- Volunteer work
- Direct charity
- Not-for-profit products
- Community programs
- Educational programs
How Does Impact Investing Work?
Impact investment opens up new avenues and supports each of these initiatives. For example, impact investment allows individuals to invest CSR capital into new sectors, new technologies, and geographical areas while supporting existing CSR causes. If your CSR strategy involves ethically sourcing trade goods, using impact investing to invest in startups that focus on fair treatment and pay of laborers in that industry, combined with CSR efforts of grants or donations and mentoring or coaching to ensure the new organization could grow, you could greatly increase the availability of those ethically sourced goods.
Well-timed investments can help organizations to succeed, can help you to achieve your own CSR goals, and can help you to earn a profit. Even if your stated CSR goals revolve around environmental friendliness, investing in the right organizations will allow them to grow, boosting your own impact. If done right you’ll also see some great impact investment returns on your contribution.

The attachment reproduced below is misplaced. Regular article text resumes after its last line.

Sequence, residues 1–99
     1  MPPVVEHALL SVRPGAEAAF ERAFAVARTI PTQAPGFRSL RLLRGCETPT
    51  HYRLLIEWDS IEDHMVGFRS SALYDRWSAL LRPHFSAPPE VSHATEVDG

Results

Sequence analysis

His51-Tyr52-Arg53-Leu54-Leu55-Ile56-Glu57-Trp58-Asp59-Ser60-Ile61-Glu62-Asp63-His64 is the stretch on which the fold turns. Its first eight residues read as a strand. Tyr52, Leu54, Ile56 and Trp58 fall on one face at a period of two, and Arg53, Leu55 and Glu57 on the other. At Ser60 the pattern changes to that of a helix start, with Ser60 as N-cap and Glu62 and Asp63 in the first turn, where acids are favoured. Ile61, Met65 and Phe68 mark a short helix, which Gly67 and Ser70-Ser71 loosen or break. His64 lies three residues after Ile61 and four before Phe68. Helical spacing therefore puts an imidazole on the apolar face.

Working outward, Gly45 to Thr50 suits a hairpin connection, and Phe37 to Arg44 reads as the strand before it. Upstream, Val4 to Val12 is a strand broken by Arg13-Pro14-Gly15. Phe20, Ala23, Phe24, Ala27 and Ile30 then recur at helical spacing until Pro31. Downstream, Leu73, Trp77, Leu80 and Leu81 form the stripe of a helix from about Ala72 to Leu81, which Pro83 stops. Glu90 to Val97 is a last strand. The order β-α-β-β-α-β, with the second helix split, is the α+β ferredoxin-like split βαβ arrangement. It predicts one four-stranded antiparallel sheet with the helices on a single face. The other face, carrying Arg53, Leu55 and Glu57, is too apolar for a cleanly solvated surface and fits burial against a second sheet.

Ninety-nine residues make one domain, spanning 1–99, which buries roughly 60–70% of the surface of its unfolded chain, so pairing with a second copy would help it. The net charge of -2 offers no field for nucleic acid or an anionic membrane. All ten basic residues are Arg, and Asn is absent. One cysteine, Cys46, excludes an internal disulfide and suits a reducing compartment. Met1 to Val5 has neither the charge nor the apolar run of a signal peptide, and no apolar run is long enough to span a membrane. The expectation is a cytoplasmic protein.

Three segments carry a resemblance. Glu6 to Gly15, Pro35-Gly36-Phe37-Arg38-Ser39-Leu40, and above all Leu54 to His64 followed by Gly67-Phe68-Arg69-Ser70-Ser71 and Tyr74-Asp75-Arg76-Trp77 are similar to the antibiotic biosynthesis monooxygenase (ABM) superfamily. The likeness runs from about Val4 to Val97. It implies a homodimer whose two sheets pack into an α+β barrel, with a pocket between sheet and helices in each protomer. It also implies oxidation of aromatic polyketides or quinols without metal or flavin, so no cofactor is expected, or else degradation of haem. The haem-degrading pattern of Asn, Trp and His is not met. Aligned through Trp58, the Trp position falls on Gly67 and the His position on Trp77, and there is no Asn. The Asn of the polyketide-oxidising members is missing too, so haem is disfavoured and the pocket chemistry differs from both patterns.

Impact investing examples include:
- Corporate venture capital
- Infrastructure investments
- Product development
- Social funds
- Social Lending
- Social or public/private partnerships
- Supply and value chains
- Workforce development
- Industry collaborations
Here, it’s also important to recognize that where CSR efforts, which are largely non-profit, are often non-sustainable (they will collapse when you stop putting money into them), impact investment often doesn’t have the same problem. Starting a company or group, starting a for-profit organization, or investing in a for-profit organization doing social good will continue to generate rewards and social good long after you stop investing in it. The only catch is that any initiative you start or invest in must be properly managed and maintained independently, which is where CSR efforts of coaching, mentoring and offering volunteer labor can greatly aid your investment.